Paper is made up of a delicate layer of fibers that can easily be torn or wrinkled. While we do our best to package our papers (which are of the highest quality) with safely, sometimes they will get a little wrinkle in them. Good news! Just as with fabrics made from cotton, wool or synthetic fibers, paper can be repaired. To remove wrinkles from paper, simply use the same techniques you would for removing wrinkles from clothes, but take greater care, so as not to damage this fragile material.
Pressing : Place the wrinkled paper on a clean, hard surface, such as a mirror, table or smooth countertop. With a lightly damp kitchen towel, apply dabs of clean water to the wrinkled area of the paper. A spray bottle set at a fine mist will work, too. Just be sure to mist the paper from a distance, so that only a small amount of water settles on the paper.
Water relaxes the fibers in the paper, but you don't want to over do it and cause the paper to disintegrate or warp. Tap water will stain the paper if it has a high mineral content or is rusty. If this is the case with your tap water, use bottled water, preferably distilled water.
After moistening the creases, place the paper between two flat surfaces, such as two books or two pieces of clean wood. Leave the paper to dry for a day or two. When you return, the paper should be restored to an unwrinkled state.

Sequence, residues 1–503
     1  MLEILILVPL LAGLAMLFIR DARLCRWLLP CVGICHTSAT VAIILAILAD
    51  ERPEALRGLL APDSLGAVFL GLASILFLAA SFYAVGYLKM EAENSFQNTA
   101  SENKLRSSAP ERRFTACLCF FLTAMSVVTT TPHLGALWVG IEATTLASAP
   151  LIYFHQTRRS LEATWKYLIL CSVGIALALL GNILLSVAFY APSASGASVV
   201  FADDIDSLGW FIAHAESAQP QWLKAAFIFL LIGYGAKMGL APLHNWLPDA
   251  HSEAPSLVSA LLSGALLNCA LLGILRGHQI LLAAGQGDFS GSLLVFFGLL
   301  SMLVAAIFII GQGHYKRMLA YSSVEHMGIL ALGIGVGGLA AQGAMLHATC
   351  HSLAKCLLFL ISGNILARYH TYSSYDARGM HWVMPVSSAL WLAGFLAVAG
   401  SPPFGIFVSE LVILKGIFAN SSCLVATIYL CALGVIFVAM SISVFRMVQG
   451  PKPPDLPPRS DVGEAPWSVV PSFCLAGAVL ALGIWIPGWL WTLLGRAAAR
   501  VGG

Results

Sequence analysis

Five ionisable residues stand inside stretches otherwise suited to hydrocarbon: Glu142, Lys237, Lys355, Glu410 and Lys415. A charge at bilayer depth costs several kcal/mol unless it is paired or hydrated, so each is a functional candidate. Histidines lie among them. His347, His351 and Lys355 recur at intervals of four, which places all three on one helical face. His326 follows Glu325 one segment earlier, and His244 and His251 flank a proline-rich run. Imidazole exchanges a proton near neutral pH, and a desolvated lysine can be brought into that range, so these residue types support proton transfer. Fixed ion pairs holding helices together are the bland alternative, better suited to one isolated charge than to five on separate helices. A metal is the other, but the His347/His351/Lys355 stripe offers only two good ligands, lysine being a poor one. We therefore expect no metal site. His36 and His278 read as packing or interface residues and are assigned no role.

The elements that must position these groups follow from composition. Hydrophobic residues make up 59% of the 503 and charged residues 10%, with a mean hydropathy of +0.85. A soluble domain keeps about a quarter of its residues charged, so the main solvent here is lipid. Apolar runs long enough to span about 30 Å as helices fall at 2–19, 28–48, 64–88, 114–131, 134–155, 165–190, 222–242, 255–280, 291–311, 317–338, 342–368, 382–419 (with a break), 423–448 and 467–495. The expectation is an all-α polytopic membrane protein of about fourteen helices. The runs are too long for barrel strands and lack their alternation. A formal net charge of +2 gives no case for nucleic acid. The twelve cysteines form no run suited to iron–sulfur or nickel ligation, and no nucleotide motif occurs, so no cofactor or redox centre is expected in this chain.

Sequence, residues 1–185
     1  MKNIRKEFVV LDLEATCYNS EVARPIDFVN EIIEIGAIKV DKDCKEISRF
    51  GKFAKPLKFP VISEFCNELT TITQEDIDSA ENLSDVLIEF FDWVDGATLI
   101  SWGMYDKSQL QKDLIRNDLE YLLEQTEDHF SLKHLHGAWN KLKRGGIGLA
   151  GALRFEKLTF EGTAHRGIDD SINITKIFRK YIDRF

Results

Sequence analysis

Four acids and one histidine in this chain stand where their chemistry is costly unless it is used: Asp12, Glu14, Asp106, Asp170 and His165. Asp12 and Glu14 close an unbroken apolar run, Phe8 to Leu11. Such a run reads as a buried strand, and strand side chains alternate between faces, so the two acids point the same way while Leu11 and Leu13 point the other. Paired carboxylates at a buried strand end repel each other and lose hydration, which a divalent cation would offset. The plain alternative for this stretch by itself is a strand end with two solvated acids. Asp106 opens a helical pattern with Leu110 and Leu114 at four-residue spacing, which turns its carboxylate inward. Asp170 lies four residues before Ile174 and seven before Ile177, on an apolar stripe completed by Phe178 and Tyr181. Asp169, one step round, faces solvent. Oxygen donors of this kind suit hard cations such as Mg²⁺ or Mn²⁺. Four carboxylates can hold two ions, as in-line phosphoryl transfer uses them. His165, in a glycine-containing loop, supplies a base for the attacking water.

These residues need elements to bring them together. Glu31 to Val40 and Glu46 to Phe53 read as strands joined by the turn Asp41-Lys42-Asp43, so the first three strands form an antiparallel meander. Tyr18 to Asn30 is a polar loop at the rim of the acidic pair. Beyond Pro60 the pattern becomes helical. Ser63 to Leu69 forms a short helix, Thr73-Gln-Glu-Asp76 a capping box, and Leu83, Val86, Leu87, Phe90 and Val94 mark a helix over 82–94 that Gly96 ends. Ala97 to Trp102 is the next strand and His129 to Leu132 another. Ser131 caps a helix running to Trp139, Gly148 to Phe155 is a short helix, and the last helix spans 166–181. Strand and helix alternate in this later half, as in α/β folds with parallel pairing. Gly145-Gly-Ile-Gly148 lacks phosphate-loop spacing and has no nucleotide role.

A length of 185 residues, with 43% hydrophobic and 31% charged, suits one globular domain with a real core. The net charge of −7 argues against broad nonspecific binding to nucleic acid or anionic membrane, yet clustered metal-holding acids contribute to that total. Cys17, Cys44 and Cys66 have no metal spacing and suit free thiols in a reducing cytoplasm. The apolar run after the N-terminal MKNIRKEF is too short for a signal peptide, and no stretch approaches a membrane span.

Steaming: If the wrinkles are stubborn, try spreading the paper out on a dry, flat surface in the bathroom (outside of the tub or shower).
Shut all the windows and doors to the room and run a hot shower. The room will fill with steam, relaxing the paper fibers. After 10 minutes or so, turn off the shower and move the paper to another room. Press the paper between two hard, flat objects until dry.
Ironing: Ironing wrinkles out of paper works well too, but be careful not to scorch the paper (too much heat will yellow the paper or burn it). We iron paper a lot as it is the quickest option. First, lay the paper on a hard surface and relax the creases with a small amount of clean water as described above. I like to slightly wet a paper towel then wring the water out of it so that it is evenly damp.Warm an iron to the lowest setting. Then, place a lightly damp cloth over the paper to protect it from the heat of the iron. (It's a good idea to iron another piece of paper as a test first and adjust the heat if necessary.)
Lightly run the iron over the wrinkles in your paper. This will relax the fibers in those areas so it might be best to iron the whole sheet so it relaxes evenly. Do not let the iron stay on the paper for any length of time. Keep it moving. When finished, move the paper to a flat surface to cool. You can also press it after this point, for good measure.